Why you should use Figma with a headless CMS

Figma is a popular design tool that accelerates UX team collaboration. Discover how it can be an even more powerful tool when used in conjunction with a headless CMS.

Michael AndrewsPublished on Jan 13, 2022

If your organization uses Figma as part of its design process, you are in good company. Figma has quickly emerged as the preferred tool for developing UI designs by both large enterprises and fast-growing startups. UX teams around the globe are actively exploring how to work with Figma to take advantage of its full potential, and more mature teams use Figma to leverage their design system when creating new designs.

Figma’s popularity with content designers

Figma has been described as an online whiteboard for UI design. Teams can develop and review designs online and update the copy in the design in real-time.

Figma’s widespread adoption by UX teams has coincided with another trend: the increased participation of UX writers and content designers in the UX design process. Figma allows real content to be placed in UI designs—a big leap forward from static wireframes or mockups that show “placeholder” content, especially the dreaded “lorem ipsum” text. Realistic content can be placed in a UI design to see how it would appear. Figma allows designers and writers to collaborate far better than other UI design tools that have preceded it.

Figma works best when each screen component will show unique content that is specific to that screen, especially content that’s written once and never revised later. But Figma becomes harder to use when dealing with a diverse range of content and design variables.

Limitations of Figma for content

Figma is a visual design tool rather than a writing tool. While UX teams increasingly recognize that writing is part of the design, dedicated design tools like Figma were not developed with the needs of content designers in mind.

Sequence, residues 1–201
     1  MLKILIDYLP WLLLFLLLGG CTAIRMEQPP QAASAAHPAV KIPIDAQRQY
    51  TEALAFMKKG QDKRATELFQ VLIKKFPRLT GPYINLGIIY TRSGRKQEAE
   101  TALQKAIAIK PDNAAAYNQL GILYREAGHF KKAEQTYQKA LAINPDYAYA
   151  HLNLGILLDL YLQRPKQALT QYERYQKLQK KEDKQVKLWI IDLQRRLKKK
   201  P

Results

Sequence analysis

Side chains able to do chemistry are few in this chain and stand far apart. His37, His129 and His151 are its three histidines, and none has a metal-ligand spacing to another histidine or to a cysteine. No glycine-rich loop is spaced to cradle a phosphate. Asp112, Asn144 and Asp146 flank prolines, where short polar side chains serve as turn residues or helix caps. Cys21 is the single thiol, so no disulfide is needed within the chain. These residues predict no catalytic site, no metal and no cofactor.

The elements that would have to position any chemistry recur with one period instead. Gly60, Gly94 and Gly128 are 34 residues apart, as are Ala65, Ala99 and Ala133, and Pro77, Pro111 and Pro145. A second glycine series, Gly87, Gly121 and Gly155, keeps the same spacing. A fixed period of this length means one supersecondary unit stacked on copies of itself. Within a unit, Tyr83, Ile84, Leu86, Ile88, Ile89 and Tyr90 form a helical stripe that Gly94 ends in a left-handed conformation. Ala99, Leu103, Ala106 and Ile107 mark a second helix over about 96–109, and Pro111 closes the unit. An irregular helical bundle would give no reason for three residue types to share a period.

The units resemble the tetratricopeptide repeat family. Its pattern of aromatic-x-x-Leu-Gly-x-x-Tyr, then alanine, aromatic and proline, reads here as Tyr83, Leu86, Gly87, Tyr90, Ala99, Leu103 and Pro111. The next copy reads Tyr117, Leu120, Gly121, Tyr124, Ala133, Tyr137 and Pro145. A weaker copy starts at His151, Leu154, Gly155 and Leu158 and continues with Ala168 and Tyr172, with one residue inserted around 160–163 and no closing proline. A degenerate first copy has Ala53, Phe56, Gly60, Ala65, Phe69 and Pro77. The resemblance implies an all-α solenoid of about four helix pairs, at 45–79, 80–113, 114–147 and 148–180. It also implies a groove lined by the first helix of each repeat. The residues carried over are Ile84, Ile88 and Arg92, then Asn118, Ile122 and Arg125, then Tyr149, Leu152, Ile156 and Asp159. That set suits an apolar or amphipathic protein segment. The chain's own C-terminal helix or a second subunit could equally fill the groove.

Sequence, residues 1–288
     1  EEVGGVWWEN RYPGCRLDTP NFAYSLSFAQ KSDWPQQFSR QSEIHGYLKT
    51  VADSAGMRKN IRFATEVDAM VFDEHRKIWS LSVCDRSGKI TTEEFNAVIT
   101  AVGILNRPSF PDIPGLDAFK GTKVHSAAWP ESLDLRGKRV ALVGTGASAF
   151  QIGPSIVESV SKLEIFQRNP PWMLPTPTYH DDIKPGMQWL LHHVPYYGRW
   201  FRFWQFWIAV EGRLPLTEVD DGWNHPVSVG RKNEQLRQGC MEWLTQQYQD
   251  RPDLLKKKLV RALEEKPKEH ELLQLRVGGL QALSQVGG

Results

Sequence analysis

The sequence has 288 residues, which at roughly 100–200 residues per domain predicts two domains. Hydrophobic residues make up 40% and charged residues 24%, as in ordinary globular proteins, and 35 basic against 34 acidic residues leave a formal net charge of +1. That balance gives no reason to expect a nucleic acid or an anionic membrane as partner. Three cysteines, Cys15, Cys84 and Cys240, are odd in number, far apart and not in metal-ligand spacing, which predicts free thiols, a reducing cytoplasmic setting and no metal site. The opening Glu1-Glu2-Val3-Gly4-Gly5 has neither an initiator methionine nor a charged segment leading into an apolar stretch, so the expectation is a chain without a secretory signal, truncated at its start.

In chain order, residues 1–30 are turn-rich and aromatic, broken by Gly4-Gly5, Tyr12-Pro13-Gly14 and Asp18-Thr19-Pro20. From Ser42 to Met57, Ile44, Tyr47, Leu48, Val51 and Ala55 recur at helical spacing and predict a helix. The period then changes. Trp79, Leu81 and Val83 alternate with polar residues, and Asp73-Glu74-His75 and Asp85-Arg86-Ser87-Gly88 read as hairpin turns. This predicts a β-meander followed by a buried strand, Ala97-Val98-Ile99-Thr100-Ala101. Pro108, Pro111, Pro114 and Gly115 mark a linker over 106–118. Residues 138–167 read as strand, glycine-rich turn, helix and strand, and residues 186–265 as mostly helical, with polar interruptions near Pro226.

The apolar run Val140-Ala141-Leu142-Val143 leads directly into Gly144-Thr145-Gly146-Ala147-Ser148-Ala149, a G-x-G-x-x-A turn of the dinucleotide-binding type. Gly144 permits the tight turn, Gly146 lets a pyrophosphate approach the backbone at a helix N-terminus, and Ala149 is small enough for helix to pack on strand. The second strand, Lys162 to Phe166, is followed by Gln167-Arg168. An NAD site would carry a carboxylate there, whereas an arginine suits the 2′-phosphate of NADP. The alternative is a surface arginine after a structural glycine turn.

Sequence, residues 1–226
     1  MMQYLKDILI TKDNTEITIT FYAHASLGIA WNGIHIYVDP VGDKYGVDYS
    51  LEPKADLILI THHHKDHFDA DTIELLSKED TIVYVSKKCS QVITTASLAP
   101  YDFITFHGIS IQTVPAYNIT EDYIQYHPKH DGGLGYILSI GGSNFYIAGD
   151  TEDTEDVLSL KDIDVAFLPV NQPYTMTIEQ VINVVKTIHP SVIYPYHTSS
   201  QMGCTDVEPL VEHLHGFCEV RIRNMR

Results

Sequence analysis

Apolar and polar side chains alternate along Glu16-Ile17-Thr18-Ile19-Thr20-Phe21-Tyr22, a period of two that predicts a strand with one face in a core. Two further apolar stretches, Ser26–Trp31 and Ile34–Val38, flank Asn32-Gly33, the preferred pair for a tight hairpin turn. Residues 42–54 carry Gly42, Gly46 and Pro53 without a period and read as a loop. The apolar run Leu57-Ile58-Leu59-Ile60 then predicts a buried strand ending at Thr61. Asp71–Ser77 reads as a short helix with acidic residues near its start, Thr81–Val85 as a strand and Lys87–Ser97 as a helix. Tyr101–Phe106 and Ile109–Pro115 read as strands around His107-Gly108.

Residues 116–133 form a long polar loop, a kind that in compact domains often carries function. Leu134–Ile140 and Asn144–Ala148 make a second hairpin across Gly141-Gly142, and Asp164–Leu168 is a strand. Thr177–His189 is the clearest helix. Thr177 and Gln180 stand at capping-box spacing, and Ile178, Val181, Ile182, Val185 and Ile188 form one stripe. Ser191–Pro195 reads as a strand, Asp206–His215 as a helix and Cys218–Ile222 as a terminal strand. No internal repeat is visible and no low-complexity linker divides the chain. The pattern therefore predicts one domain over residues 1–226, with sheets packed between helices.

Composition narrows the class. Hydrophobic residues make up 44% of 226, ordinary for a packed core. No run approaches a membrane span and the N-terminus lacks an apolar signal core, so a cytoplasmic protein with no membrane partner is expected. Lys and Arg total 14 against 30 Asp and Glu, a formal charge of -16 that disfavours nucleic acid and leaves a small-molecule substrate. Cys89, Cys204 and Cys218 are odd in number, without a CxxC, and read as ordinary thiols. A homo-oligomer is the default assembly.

To use Figma, writers need to learn a visual design tool that has an unfamiliar mental model involving layers and frames. The way that Figma manages visual objects isn’t aligned with how the content should be organized and managed. Even after writers learn the basics of Figma, they can be at a disadvantage when it comes to driving the content requirements. 

Figma can be especially challenging for writers who are developing lots of content that needs to be available in many places. By subordinating text to UI components, Figma makes it is hard to see how specific content is used across many screens or different applications. The copy presented on Figma pages is fragmented. Figma pages don’t represent the structure of the content. The layout of screens still needs to be translated into a formal structure that can be accessed by authors.

Teams need a consolidated view of their content. The fragmentation of content across different pages and frames makes it challenging to maintain and revise content as well. In contrast to well-established best practices that advocate separating the content from the design so that each can be revised independently, in Figma, the content and design are tightly coupled. The content, represented by “strings” of text, and the design, expressed in code, are intertwined in a common file. This can create problems when a change on one screen forces changes on other screens. Developers may need to do a global “replace” operation. Teams then need to review each screen individually to make sure the change doesn’t create other issues. 

While Figma may act as a source of truth for a visual design, it can’t do the same for the content that will be presented in that design. There’s no centralized inventory of the content that’s being presented. It’s hard to know what content is available, what that content is related to, and if it is consistent.

These issues are even more pronounced when working with multiple languages. Phrases and terminology should be consistent not just on a handful of screens currently being designed, but across all content being published. But Figma presents content for specific screens, rather than showing the source content that could appear on many different screens.